The bond between family and community has remained firm. In each of Justin's first two seasons at George Mason, large groups have bussed to EagleBank Arena in Fairfax — this year, for the season opener against Lafayette.

Justin Kier is averaging 10.6 points per game this season. (John McDonnell/The Washington Post)

The annual basketball outing used to be for a Washington Wizards game. Now, it's to watch Justin, the first male player from greater Harrisonburg to sign a Division I scholarship before high school graduation in more than 25 years.

"People like him and want to support him," said Chad Edwards, Kier's coach at Spotswood High School in Penn Laird. "He's first-class. The support system was important to him and his family, and he's appreciative. He has said thank you to everyone."

Edwards paused and, with a touch of emotion, said, "There's something about Justin."

When George Mason visited Harrisonburg a few weeks ago to play James Madison, a few hundred Kier supporters attended. Said Edwards, "I told him, he should get a cut of the gate tonight."

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Spotswood was 88-9 during Kier's high school career and advanced to the state final twice. James Madison didn't recruit him very hard. He chose George Mason over the likes of Coastal Carolina, UNC Greensboro, Radford and Fairfield.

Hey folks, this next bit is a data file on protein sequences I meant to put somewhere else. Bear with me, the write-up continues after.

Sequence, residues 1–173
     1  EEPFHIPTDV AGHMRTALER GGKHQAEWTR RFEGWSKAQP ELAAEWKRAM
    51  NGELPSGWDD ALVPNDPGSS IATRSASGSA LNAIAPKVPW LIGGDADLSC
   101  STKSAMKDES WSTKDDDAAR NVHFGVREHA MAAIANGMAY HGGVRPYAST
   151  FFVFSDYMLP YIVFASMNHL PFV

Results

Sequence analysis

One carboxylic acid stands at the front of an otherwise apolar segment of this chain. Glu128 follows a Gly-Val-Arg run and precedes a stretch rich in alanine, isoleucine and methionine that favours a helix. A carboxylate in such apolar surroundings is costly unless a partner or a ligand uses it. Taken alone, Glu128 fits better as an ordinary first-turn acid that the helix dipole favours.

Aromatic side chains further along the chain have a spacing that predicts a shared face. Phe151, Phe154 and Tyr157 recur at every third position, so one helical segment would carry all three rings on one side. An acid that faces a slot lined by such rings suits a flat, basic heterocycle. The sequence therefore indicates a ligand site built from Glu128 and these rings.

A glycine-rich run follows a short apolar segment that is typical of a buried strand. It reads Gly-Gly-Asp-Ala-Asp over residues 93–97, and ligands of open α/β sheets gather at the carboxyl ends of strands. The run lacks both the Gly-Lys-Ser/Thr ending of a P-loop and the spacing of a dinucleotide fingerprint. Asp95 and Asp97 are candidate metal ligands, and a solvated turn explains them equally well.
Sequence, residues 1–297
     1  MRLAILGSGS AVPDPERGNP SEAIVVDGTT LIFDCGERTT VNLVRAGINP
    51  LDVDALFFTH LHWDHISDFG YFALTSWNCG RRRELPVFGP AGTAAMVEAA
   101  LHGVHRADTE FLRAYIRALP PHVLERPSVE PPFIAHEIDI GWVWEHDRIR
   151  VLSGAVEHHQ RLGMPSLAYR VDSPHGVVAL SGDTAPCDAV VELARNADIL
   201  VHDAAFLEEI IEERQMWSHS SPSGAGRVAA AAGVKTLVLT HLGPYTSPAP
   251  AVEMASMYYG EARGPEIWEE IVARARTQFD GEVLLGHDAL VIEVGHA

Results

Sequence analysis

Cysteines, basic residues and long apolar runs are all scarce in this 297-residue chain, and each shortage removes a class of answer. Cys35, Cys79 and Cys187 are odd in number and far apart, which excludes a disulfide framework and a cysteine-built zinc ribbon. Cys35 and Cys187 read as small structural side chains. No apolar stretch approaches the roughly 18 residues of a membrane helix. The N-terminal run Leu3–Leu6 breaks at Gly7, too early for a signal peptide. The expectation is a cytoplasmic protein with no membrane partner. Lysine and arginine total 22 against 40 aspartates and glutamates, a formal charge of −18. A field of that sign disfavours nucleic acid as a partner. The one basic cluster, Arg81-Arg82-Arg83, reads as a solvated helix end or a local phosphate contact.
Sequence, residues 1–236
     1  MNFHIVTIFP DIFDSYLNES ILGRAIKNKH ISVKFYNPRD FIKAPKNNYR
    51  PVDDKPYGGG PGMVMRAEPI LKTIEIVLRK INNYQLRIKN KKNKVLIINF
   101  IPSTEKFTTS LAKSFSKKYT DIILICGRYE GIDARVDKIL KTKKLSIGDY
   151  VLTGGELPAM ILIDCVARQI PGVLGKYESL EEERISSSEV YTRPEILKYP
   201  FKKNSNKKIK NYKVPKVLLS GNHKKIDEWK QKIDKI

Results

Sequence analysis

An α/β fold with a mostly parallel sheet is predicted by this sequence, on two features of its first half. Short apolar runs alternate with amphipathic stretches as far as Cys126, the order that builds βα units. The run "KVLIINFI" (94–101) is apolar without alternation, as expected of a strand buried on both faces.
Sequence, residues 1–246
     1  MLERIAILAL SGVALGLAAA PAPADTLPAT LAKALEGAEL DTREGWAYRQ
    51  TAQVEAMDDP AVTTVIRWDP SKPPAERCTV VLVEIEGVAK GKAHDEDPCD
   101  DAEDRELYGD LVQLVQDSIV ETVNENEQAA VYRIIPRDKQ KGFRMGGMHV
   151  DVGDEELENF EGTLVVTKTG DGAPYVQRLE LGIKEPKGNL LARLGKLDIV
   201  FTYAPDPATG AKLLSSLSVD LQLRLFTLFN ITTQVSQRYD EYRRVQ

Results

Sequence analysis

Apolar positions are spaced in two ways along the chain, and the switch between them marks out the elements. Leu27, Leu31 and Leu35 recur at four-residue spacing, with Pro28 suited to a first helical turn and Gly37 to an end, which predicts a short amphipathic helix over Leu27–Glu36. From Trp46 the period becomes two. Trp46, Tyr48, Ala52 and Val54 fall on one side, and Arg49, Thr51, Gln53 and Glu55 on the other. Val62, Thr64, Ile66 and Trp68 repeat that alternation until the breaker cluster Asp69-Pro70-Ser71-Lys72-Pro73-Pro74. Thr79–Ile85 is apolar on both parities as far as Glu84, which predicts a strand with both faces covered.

At George Mason, the 6-foot-4 guard has appeared in 46 of 47 games and started 42. He averaged 5.8 points and 4.5 rebounds last season and is contributing 10.6 and 3.8 through 13 games this winter. His early-season superlatives have included an 18 point game on 6-of-9 shooting at Louisville, and a career-high 22-point outing on 9-of-12 shooting against Morgan State last Friday.

Kier's track to George Mason was not easy.

He was 7 when the white Jeep Cherokee his mother was driving veered off a neighborhood street a few blocks from his grandmother's house and lurched into trees and bushes.

"It was just the two of us in the car," Justin said. "I remember leaving from the driveway. We were maybe two streets up from the house. She was having like a seizure. The car started to turn and ran into some trees. I didn't know what was going on. I was freaking out. The doors were locked. I couldn't get out. My door was slammed against the tree. I saw a window was open, so I crawled out."